Hundreds of people demonstrated in the Sudanese city of Omdurman on Monday after a protester died of wounds suffered at an anti-government rally last week, witnesses said.
Deadly protests have rocked Sudan for more than a month after the government decided to raise the price of bread.
The protests, which quickly turned into nationwide demonstrations calling for an end to President Omar al-Bashir’s three decades of rule, have left 26 people dead so far, according to officials.
Rights group Amnesty International has put the death toll at more than 40.
Witnesses told AFP that late on Monday hundreds of people gathered in Omdurman, the twin city of the capital Khartoum across the Nile, as the body of a protester was brought from the hospital where he died.
“People are chanting freedom, freedom and overthrow, overthrow as they gathered for the funeral of the protester,” said a witness.
A doctors’ committee linked to the Sudanese Professionals Association (SPA) that is leading the nationwide demonstration confirmed the protester had died.
“He was wounded on Thursday, but today he died in hospital,” the committee said in a statement.
A friend of the victim said he was attending the funeral along with hundreds of other people.
“I’m attending the funeral of my friend who was an engineer,” he told AFP on condition of anonymity.
He added that the dead protester was wounded in the east Khartoum neighbourhood of Burri, which saw clashes between security forces and protesters on Thursday.
Police have confirmed that two other people died during the Burri clashes on Thursday.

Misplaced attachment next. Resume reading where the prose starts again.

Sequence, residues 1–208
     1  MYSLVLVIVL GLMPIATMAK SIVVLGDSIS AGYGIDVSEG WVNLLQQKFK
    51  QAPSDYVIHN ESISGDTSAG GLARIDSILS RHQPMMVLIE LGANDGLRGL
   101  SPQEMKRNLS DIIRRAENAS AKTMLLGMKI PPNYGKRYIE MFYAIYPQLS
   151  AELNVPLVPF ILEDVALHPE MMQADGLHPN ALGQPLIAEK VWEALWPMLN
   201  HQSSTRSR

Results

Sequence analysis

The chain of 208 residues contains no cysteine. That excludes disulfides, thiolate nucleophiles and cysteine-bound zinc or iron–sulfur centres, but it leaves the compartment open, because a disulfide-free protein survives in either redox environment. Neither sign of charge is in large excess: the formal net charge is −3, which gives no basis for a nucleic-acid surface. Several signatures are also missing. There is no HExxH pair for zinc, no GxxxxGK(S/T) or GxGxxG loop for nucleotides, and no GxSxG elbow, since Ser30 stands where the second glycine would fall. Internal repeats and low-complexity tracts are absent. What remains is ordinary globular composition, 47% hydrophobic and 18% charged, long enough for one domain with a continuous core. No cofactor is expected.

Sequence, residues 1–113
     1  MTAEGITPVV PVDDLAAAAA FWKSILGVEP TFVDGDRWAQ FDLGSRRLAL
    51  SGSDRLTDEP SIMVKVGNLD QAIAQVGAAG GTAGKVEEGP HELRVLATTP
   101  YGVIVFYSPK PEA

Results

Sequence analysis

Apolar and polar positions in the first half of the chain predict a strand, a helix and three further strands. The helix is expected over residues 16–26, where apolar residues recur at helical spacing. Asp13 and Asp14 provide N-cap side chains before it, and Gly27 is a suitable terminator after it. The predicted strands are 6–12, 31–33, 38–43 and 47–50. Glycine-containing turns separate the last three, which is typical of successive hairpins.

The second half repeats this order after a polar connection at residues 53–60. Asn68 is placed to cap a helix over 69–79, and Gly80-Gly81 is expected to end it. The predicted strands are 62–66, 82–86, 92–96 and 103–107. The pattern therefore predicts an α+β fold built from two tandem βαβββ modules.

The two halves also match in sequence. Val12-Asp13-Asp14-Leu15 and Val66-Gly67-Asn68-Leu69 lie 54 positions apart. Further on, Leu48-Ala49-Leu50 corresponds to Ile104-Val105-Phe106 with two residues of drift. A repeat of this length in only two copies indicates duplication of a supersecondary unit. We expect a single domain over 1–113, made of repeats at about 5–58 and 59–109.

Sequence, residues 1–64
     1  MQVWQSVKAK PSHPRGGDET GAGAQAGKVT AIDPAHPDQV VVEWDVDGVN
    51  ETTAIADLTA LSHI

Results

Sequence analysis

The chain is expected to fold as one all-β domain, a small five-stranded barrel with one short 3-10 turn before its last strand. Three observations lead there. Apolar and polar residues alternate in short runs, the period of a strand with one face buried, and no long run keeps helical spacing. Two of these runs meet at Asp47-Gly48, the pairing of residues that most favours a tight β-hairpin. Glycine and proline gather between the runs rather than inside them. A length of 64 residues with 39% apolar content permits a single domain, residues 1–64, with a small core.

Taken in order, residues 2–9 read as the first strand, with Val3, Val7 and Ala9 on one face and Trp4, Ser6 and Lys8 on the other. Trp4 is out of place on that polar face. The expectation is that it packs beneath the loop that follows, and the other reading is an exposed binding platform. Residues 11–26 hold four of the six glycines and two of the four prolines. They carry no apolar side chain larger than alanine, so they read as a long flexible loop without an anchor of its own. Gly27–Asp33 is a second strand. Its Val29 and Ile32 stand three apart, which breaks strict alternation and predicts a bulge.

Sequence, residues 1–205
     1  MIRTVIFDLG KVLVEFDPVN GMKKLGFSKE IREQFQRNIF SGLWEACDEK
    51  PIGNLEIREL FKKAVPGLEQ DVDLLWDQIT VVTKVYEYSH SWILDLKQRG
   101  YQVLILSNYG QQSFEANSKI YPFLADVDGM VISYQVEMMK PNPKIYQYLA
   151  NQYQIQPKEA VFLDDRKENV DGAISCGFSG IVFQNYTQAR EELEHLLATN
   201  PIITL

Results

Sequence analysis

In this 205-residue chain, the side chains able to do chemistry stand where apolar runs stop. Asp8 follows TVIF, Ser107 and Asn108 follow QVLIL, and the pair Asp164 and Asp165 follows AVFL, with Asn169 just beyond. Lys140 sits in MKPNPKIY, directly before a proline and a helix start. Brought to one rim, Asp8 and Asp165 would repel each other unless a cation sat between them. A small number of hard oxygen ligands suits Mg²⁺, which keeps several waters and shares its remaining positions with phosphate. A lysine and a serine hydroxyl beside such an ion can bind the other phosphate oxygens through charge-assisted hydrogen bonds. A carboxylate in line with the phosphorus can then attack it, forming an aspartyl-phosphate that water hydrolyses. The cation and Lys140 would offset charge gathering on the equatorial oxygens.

One of the victims was a doctor, whose death was also reported by the doctors’ committee.
About 150 doctors held a silent sit-in on Monday to protest the doctor’s killing.
Carrying placards that read “killing a doctor means killing a nation,” they stood in silence outside the Khartoum hospital where the doctor used to work, witnesses said.
Sarah Jackson, Amnesty’s deputy director for East Africa, said it was an “outrage that Sudanese security forces continue to use lethal force on protesters and key service providers like doctors”.
But Bashir rejected the accusations, saying at a rally on Sunday that the doctor was “killed by someone from among the demonstrators”.
Although the protests began last month against the cutting of a vital bread subsidy, they come at as Sudan suffers from an economic crisis driven by an acute shortage of foreign currency and soaring inflation that has more than doubled the price of food and medicine.
The SPA has called for nighttime demonstrations on Tuesday in Khartoum and Omdurman.
More rallies were also planned for Thursday “across all towns and cities of Sudan,” the group announced last week.